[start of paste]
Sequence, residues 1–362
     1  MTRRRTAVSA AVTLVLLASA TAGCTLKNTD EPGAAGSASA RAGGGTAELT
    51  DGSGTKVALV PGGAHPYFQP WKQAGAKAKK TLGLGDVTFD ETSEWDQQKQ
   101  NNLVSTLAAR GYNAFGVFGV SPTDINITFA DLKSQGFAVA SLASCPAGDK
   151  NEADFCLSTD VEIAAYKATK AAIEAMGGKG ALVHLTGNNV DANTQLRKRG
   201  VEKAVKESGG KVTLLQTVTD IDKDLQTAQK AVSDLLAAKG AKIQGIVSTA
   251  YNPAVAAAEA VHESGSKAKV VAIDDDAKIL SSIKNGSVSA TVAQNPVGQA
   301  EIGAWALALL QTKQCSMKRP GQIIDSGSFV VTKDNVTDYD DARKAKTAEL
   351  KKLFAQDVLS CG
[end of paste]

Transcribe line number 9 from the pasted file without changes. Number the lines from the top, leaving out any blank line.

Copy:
   351  KKLFAQDVLS CG